Maybe you wanted to become
the sun, be noon, stand
on the threshold between
ante and post. Maybe you resolved
to straddle magnetic poles, mold
latitude from every veil wrapped
around your heart. How long before,
elastic knotted into a jungle of jump
rope that snapped then stung
the legs? Later came the celestial,
constant, every coordinate deemed
scribble then muck. Maybe you’d hoped for
a tooth of recognition, a dermis of float,
skein from salts, in the bath
one ellipsis inside a great-circle
symphony of wins or prepositions,
a cut-off pinky, saintly relic
resurrected within the lines
of longitude through St. Peter’s
holy holy holy in Rome. How long
could you stand before the bullet-
proof glass and weep, one more son
marbled across his mother. Her gaze:
window on your midday, your own lost
count, the too many pulses past
ante and post.
On the threshold.
Your sun dallying.
Crossing at noon.

  * First Place, Free Verse Category, Oregon Poetry Association Spring 2013 Contest


It’s the slow, cumulative suffering she carried
into her dreams, oven mitts too thin to curry

the burn from her hands. Whenever he’s back
from the dead, she can’t touch his back,

blistering under patchwork, lost in the curled
bone-cage of a bird. Ever now, she conjured

still that day, his hanging in that tree only
to flit from him to new men in Mississippi,

all-white faces leering in the flashbulbs below.
Until she decides—he is better left one faux

Icarus flown afar from the trap,
his dance shoes both white-capped

and bobbing. The wind’s too harsh to
quell our flotilla of question marks.

A Month of Sundays*

These July clouds that jewel —
they lie. Augur rain maybe a gust.
Just a tempering of the heat,
nothing except time
unreeled, and tempting
a sober probe that hankers us
back to our days of slack,
of rain-forest spring.
When I couldn’t remember
the way a light mocks, so strobes
the gray. Where a novice seeking
embers on the verge would never
wend the flagstones, declare
dissembling to be a blizzard of embrace.
how it overnight blurs
a jangle into the new
with its wet,
with its ossuaries of moldy
leaf, every web long ago fallen
or trounced, never much heated to
febrile sweat, all our brewing
gone utterly airy, and steeped. Oh but
we march, one foot in front of
the other, grow old. A few of us
thrilled to wear our denim
into this future, aping the prill
of a peony in bud,
lilacs and azaleas long past,
the rain barrel filled by a crying sky.
May you live to see another year.
May you next time through
make a chart of the blooming —
pole bean and cosmos, sunflowers crowning,
pollinators rocking out a Woodstock frenzy,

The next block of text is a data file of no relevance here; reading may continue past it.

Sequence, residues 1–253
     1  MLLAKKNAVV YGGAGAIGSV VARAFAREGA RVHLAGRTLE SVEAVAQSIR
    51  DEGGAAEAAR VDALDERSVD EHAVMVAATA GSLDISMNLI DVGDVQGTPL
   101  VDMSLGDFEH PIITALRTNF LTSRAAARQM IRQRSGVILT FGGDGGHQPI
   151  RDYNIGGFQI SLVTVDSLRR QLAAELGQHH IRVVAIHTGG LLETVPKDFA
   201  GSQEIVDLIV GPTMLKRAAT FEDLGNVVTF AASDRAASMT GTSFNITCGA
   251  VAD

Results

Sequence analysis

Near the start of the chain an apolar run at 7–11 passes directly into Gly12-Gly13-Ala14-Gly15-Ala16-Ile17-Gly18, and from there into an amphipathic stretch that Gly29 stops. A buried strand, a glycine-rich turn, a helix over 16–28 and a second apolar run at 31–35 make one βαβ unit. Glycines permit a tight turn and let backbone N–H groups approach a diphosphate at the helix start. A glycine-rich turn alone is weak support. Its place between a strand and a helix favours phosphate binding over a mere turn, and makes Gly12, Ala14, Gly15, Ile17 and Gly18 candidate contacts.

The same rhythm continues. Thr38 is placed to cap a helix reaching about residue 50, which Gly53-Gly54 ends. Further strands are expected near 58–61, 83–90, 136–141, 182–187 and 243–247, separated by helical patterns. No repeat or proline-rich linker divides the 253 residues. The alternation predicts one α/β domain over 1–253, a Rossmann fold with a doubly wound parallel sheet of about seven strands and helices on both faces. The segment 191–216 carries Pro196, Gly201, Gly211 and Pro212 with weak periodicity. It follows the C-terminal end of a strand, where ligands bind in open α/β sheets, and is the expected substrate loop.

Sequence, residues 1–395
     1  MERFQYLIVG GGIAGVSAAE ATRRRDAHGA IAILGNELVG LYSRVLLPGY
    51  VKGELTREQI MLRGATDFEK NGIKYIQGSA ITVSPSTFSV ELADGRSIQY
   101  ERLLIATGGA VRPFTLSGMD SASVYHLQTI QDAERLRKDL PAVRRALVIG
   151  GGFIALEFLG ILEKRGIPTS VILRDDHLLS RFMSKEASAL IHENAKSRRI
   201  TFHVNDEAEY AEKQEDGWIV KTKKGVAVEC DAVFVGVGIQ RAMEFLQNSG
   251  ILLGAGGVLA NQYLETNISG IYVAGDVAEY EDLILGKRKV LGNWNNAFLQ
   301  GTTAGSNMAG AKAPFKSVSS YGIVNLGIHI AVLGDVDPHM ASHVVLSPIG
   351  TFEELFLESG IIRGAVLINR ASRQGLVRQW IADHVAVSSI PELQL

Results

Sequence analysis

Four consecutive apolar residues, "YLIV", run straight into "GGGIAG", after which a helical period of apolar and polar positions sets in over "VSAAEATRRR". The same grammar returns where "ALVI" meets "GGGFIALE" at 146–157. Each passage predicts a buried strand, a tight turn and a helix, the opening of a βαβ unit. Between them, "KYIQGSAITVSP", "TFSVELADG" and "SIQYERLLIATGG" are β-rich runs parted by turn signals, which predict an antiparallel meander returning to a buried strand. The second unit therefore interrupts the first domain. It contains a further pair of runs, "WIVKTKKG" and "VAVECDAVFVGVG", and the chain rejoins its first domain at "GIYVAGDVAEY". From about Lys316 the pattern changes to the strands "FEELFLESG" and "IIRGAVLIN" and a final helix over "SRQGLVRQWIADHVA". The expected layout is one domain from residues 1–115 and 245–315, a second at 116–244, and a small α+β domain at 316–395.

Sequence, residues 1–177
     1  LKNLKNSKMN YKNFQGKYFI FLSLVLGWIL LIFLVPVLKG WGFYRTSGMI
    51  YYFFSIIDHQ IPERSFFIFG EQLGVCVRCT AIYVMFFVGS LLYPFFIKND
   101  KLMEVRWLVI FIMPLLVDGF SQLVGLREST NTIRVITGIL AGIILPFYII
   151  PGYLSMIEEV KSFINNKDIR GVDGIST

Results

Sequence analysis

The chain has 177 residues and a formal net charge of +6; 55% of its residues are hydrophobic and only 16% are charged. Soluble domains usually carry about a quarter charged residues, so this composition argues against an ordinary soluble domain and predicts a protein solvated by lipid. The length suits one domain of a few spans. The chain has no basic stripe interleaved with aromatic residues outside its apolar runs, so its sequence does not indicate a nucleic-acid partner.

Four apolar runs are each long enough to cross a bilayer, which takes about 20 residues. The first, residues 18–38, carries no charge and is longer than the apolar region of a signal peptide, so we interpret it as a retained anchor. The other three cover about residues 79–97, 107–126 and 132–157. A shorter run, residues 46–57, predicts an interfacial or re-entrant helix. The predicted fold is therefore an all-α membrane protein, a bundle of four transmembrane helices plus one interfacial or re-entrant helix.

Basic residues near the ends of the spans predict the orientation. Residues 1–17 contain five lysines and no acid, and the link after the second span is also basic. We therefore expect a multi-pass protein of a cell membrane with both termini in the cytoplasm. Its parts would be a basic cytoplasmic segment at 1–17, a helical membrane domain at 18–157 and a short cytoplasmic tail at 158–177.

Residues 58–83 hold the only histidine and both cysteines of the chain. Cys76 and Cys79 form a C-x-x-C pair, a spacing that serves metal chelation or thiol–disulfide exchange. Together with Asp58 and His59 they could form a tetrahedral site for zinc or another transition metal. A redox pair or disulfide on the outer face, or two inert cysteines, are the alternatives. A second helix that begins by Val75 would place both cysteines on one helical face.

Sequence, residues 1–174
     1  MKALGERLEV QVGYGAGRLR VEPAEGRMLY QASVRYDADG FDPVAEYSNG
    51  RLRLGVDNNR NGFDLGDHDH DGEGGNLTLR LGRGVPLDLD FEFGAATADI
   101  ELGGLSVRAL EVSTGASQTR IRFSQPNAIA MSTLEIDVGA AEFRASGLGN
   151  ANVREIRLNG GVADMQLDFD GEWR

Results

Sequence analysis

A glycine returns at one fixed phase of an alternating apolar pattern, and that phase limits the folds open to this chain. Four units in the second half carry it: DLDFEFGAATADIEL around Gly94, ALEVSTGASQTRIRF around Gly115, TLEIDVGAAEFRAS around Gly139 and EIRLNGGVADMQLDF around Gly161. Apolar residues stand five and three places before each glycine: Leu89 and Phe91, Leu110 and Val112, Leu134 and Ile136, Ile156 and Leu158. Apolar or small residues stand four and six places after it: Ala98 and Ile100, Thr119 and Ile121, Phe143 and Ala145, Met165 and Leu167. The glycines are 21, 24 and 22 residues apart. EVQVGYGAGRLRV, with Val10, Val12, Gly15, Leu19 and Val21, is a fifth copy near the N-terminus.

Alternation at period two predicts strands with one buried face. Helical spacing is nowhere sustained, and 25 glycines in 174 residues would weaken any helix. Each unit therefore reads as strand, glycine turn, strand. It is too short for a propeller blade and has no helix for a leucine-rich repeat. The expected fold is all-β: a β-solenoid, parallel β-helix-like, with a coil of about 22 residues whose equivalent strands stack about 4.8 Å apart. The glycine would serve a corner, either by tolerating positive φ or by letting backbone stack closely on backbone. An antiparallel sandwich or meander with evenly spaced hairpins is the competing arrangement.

stages the bee balm, rocket,
echinacea in the wings with Bobby Darin,
ole Mack the Knife now crooning down
with love, with Junes, the moons to wrap
in cellophane more July clouds
bejeweled, belied.

* Second Place, Experimental Category, Oregon Poetry Association Fall 20114 Contest

Up in the Old Hotel*

Those shiftiest of letters “Q” and “A” take
The elevator, take the A train, take
The talk to the shabby, the scarab or the scab, meet
In the middle, stick
With the worker, queening it over while they honey
Up their offertory statistics, explode
More firearms (per capita) until they halo
Into hot gas, old stars that sphere
Around a galaxy, swerve
To retina, to whirligig then beetle,
Gemstone hieroglyphics under a jetty, more chinning
Zigs as if king or bird, the bee’s knees to tell
Me myself I, tell mine to merry-go-round, to seal,
To flame, to tender, to do the drip drip
Woo-hoo, uptown apiary toodle-loo before it’s necessary to believe
Being is in their candle, its missive of yellow and broke, and brood
Because long live the face, their personal mermaid who’ll angel
Every unexplained echo, stoop
To bunny-tie their shoes, bend
Beneath the fray and net
The two of them, larval yet dishabille, steadied
By return (as they must) to wax and be
Pillars of the code who radio
The letter H, loading-dock deliveries bound
For this hospitality capital, more types written
“Sticky/Wicked,” riced.

* Published in Posit. Nominated for a 2014 Pushcart Prize.

The Time of Small Despair

After her hands cracked,
after the steroids
thinned her skin, made shine
her palms, their lifelines
gullied and thumbprints
evanesced, she longed
for the whorl, one more
flywheel she could seize,
velocity no
longer tapered off.
this is evening.
The signposts speak in
tongues how every blast
undoubtedly burns
down. While the makeshift
mover-shakers, such
chattering mayflies,
refuse to admit

Sara's Eyes*

From the photograph, it's impossible to tell
whether she is Afghan or an ex-pat worker
who fell for a mujahideen. The caption reveals
her name, Sara Ashe, and her age, 30,
and that, pregnant, she made her way to Maslakh,
a refugee camp on the site of a former slaughterhouse
where now two of her eight children vomit blood.

What I remember about the slaughterhouse
across the river in Breslau was the cold.
How you opened the door and wide ribbons would wrap
like gauze around your head and how hanging cattle
torsos were lowered on pulleys canting from the ceiling.
And the smell, it must have been blood,
how it always made me gag.

There are mud huts and tents at Maslakh,
plastic toilets under a tarp secured with poles
whittled from the last stand of pistachio on the Herat plain.
Temperatures edge below zero most nights.
Sara's hand touches her chin and her eyes,
framed by her hijab, appear pale. They must be blue
to be ringed so visibly in a newsprint photo.
A bull's-eye, dead center of each iris.

* First Place, Free Verse Category, Oregon Poetry Association Fall 2008 Contest

Fifteen-Minute Family

With the turn of a chrome faucet,
she sees not the woman, defiant
as an afternoon's sun casts
her silhouette over the soap dish,
but the girl, barefoot in a hippie skirt,
baby on her hip, testing the water's
temperature with the back of her hand.